Left to right; Textile designs, stylised daisies, purple on black, c1922; 78 Derngate, Northampton, 'Faded Roses' watercolour 1905
(c) The 78 Derngate Northampton Trust - see for more

Sackerson adds -

David Walsh, Assistant Manager at The Charles Rennie Mackintosh House, says:

"This is our Centenary Year and we have a special exhibition "Charles Rennie Mackintosh & The Great War" - ( , ) - the largest display of Mackintosh design in England, until 29th April. If you or readers are able to visit, a warm welcome awaits."

Sunday, March 26, 2017

Sunday Music: Trumpet Voluntary, by Wiggia

The first of what would be considered modern jazz recordings featuring a lead trumpet would be during the period ‘49 to ‘51 and featured Kenny Dorham, Fats Navarro, Dizzy Gillespie, and Miles Davis. The Davis album Morpheus, Whispering Down was his first of many for the Prestige label and only his second as leader, the beginning of a long influential career.

The Trumpet or Cornet was always the front line instrument in early jazz and ditto here in the early days of modern jazz, not so much nowadays with the saxophone more prominent in most groups.

For a start we have the wonderful soft lyrical style of Fats Navarro, this is a ‘47 version of a tune he was always associated with:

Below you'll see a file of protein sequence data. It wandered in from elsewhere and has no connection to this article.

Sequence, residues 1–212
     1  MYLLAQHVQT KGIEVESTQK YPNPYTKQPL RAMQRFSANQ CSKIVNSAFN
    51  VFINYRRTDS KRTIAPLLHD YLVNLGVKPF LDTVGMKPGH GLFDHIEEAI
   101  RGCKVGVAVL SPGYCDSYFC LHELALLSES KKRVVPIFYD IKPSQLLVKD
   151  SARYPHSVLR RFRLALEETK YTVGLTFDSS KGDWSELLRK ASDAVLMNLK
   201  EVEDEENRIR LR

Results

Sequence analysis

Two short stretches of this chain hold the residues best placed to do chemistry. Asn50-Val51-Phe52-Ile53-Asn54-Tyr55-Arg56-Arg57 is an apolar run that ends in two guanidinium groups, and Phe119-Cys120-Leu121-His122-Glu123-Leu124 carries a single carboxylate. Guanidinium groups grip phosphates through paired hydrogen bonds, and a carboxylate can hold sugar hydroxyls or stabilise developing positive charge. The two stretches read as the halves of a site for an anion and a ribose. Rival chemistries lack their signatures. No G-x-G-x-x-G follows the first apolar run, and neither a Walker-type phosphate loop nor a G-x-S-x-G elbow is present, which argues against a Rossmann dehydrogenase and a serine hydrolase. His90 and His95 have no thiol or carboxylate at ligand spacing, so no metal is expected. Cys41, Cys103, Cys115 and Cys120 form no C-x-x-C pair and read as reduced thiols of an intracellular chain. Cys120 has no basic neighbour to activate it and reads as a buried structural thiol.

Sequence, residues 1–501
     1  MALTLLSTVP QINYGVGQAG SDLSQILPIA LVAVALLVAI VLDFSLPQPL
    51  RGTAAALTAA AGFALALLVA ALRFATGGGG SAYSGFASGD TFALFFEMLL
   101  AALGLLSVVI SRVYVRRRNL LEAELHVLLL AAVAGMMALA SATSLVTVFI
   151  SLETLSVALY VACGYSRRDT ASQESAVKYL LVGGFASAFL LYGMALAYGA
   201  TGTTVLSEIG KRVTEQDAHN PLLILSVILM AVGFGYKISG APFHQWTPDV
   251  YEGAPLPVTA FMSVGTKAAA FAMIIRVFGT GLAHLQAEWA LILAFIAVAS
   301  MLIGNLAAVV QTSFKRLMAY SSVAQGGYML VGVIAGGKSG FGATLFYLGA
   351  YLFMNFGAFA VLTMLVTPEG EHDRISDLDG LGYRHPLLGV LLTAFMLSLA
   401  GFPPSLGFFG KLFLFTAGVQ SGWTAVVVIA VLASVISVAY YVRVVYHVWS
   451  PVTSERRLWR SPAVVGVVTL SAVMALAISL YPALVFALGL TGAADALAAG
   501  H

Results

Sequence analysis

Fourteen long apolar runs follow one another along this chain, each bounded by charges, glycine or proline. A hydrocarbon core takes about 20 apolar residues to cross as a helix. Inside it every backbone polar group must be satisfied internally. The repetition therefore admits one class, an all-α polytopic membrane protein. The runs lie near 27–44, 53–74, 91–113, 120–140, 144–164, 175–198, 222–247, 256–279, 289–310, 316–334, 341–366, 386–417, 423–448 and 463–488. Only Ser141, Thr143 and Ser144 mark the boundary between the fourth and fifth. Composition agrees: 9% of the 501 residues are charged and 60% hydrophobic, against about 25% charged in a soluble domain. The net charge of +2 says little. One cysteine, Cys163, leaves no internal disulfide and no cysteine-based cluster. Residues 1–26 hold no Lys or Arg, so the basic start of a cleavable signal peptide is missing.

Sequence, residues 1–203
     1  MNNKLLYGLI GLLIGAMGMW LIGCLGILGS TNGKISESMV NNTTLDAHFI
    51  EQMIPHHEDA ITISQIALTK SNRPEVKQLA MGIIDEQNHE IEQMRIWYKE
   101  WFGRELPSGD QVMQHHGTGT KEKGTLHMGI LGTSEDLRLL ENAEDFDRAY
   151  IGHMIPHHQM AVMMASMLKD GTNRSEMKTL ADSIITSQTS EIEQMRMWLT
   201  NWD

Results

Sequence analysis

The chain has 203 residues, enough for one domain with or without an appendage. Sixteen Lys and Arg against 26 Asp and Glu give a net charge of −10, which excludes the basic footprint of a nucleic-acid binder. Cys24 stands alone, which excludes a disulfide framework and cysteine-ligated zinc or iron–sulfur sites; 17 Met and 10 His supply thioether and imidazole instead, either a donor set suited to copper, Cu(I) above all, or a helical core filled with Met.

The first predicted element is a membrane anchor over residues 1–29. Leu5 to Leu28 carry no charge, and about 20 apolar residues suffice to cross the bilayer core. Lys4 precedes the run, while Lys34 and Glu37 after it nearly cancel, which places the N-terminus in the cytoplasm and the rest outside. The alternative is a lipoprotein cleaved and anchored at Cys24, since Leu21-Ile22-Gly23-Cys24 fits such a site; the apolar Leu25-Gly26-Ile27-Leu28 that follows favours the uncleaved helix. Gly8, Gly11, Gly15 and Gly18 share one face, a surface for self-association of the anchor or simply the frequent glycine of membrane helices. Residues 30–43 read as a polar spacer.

Fats was a pioneer of the be bop style and after a touring start to his career where he learned the ropes he settled in NY. His career was short as was his life despite success with many big bands, becoming a life long friend with Mingus and playing with Charlie Parker amongst others. Given poor health, TB, a weight problem and the inevitable drug addiction of that period of time he died in 1950 at the age of 27.

Much longer lived and a flag waver for jazz of all kinds world wide was one of the other founders of be bop Dizzy Gillespie, his puff cheeks and 45 degree trumpet horn became a trade mark that was instantly recognised everywhere plus a personality that meant he was in much demand.

His style was not an easy one to emulate and few did but his influence was enormous both on the trumpet and be bop. Davis, Navarro, Lee Morgan, Clifford Brown right up to the modern day were all influenced by Dizzy who himself took much from Roy Eldridge and then over layered it with his own harmonic complexity. Born in 1917 he went on to have a sixty year playing career, he saw it all and played with all during his life; a true jazz great.